New Jersey Legislators Get a Chance to Fix the First Amendment Problems With Their Anti-Bullying Law
Last week New Jersey's Council on Local Mandates ruled that the state's Anti-Bullying Bill of Rights, enacted last summer in response to the 2010 suicide of Rutgers University freshman Tyler Clementi, illegally requires new expenditures by local governments without providing funding for them. The council, which was created by a voter-approved constitutional amendment in 1995 to address the problem of unfunded mandates, focused on provisions requiring schools to establish bullying prevention programs, hire anti-bullying specialists and coordinators, create school safety teams, and provide counseling and other services "once an incident of harassment, intimidation or bullying is identified." But now that the law will have to be revised, says the Foundation for Individual Rights in Education (FIRE), the legislature should fix its First Amendment defects as well. "This 'anti-bullying' law, as it is currently written, makes opening one's mouth on a college campus in the state of New Jersey a serious risk," says FIRE President Greg Lukianoff . "FIRE knows all too well that even well-intentioned rules that provide vague proscriptions on speech that challenges or offends are a true disaster for free speech, candor, and robust intellectual inquiry."
The law, which requires colleges to ban "harassment, intimidation and bullying," defines harassment to include "a single incident" that "substantially disrupts or interferes with the orderly operation of the institution or the rights of other students" and "has the effect of insulting or demeaning any student or group of students" or "will have the effect of physically or emotionally harming a student." That definition of student-on-student harassment, FIRE notes, is substantially broader than the one the Supreme Court has said is consistent with the First Amendment in the context of Title IX lawsuits: conduct "so severe, pervasive, and objectively offensive, and that so undermines and detracts from the victims' educational experience, that the victim-students are effectively denied equal access to an institution's resources and opportunities." New Jersey's law also seems inconsistent with two rulings by the U.S. Court of Appeals for the 3rd Circuit (where New Jersey is located). In 2008 the 3rd Circuit struck down Temple University's regulations aimed at "generalized sexist remarks and behavior," saying the policy "provides no shelter for core protected speech." In 2010 the appeals court rejected the University of the Virgin Islands' ban on conduct that causes "emotional distress," noting that "every time a student speaks, she risks causing another student emotional distress." FIRE argues that "New Jersey has in effect sanctioned the 'heckler's veto,'" since anyone who claims to be insulted, demeaned, or emotionally harmed by another student's speech can make a fuss about it, thereby generating the disruption that triggers punishment.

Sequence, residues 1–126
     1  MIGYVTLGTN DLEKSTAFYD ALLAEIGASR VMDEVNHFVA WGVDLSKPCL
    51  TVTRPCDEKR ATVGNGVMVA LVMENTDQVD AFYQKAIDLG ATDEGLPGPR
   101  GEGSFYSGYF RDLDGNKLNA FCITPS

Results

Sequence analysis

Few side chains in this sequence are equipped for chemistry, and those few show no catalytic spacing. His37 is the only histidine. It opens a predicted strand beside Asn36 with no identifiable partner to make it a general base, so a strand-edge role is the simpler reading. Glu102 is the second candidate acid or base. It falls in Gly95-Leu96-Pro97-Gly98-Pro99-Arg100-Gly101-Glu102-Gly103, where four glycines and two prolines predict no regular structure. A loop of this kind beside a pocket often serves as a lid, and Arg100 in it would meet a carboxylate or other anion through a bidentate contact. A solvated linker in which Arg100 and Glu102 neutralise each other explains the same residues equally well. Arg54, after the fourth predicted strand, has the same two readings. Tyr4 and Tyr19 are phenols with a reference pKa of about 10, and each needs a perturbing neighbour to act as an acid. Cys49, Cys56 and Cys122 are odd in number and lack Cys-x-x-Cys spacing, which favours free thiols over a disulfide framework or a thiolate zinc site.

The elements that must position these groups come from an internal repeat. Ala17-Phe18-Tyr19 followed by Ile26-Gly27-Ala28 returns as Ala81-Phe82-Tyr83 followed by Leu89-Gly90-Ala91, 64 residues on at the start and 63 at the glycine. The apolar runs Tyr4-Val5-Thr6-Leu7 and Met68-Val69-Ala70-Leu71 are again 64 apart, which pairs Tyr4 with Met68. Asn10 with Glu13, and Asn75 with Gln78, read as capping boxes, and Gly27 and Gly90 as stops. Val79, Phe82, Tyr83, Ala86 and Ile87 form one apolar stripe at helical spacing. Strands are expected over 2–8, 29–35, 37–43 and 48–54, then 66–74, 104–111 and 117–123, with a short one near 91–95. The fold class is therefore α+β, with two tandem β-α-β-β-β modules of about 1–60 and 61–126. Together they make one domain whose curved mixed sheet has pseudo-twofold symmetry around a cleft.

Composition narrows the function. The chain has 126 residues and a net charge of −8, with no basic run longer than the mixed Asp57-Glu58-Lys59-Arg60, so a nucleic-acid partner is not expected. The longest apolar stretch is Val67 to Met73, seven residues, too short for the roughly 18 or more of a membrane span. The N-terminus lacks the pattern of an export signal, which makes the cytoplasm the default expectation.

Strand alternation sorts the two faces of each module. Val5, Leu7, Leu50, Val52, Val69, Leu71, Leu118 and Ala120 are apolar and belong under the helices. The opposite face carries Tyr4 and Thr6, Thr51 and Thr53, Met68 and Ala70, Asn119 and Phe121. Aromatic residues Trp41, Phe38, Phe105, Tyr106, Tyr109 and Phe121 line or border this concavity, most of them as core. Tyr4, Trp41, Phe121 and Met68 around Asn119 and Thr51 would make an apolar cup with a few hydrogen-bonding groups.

Last year in Reason, Michael Tracey and Harvey Silverglate noted the hazards posed by legislation introduced in response to Tyler Clementi's death.
[Thanks to Victor McDonald for the tip.]